Its very athletic.  The reason I am alluding to it is in this style,  I was taught by my pro that the right leg is a brace going back.  The key is the stability in the right shin allowing balance while the left knee is released or breaks in hard.  Hip sway not allowed.   You can see Mickey got great hip turn without much extension in the right leg going back.  The knee that makes the big move is the left and that allows the turn and also creates some tilt.

I was taught that in this style the intent is for the right leg to be stable and the left is released.  So the intention behind this as I was taught it was right leg stable left releases.  Of course there's gonna be movement in the right knee going back but the intent is to remain stable.

 

 

Edited by Jack Watson
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Not really sure what you're going on about @Jack Watson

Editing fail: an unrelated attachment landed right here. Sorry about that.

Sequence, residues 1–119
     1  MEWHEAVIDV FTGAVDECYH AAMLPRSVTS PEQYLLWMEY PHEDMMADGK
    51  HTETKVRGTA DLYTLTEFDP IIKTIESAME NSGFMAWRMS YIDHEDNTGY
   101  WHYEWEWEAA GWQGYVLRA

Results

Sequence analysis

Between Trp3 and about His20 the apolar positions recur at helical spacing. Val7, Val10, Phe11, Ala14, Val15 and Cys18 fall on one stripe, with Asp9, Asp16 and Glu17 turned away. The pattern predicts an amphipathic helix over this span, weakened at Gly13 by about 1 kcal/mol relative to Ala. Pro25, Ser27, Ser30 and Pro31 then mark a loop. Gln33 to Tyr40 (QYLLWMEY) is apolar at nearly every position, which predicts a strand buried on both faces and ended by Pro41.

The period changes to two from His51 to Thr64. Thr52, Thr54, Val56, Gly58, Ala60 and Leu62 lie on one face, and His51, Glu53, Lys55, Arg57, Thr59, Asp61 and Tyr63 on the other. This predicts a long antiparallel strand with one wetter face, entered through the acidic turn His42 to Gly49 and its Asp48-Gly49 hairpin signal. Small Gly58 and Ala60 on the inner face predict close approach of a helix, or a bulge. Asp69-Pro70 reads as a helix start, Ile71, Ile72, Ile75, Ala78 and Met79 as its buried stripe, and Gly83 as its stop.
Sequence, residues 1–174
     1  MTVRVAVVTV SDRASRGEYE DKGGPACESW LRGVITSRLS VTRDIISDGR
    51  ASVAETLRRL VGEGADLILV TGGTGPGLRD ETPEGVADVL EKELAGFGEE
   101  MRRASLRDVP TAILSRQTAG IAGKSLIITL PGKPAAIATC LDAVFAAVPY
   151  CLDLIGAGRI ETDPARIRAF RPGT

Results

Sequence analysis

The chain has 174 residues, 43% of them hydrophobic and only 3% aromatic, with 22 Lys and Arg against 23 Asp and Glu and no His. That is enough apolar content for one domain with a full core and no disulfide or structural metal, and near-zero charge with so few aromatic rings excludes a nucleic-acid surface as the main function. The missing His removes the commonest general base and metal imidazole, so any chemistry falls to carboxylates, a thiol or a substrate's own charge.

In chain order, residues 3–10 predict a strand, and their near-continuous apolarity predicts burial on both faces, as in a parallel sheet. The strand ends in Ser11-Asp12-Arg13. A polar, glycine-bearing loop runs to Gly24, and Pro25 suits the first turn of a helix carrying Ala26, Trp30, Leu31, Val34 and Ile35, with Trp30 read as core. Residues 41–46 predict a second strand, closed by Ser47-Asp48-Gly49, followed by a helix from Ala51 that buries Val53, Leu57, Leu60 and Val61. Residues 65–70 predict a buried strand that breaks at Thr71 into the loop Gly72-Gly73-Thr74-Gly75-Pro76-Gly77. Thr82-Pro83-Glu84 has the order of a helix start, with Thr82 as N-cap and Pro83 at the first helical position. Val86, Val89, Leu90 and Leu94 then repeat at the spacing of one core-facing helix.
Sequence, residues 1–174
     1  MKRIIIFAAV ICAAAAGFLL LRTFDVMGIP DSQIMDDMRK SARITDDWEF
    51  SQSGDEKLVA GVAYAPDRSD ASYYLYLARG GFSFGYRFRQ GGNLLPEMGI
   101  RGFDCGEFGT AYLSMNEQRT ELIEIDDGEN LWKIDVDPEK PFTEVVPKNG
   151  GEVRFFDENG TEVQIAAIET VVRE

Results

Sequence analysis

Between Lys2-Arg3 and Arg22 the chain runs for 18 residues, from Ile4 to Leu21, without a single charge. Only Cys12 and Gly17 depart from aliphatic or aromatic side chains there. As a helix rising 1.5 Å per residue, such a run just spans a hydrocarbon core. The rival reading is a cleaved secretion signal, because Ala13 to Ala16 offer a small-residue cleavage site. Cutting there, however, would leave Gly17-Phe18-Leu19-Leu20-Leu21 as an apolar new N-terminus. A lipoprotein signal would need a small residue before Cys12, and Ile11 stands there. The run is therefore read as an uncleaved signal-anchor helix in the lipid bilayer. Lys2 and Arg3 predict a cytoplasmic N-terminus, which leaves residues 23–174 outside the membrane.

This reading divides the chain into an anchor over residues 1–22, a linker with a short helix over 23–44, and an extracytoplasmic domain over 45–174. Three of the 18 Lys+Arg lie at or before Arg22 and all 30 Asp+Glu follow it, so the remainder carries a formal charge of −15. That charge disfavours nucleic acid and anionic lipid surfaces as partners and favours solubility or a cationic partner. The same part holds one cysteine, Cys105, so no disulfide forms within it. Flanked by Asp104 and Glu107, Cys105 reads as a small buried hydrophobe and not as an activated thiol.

Mickey Wright did not maintain the trail knee flex throughout the backswing.

Analyzr Image Export.jpg

True, she did a bit of an Ernie Els "exaggerate the change in the left knee to achieve a hip slant, rotation, etc." move, but her trail knee still extended.

I also don't care what she felt she was doing, preferring instead to look at what she actually did.

 

Virtually every good golfer extends their trail knee during the backswing.

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18 hours ago, Jack Watson said:

I was taught by my pro that the right leg is a brace going back.  The key is the stability in the right shin allowing balance while the left knee is released or breaks in hard.  Hip sway not allowed.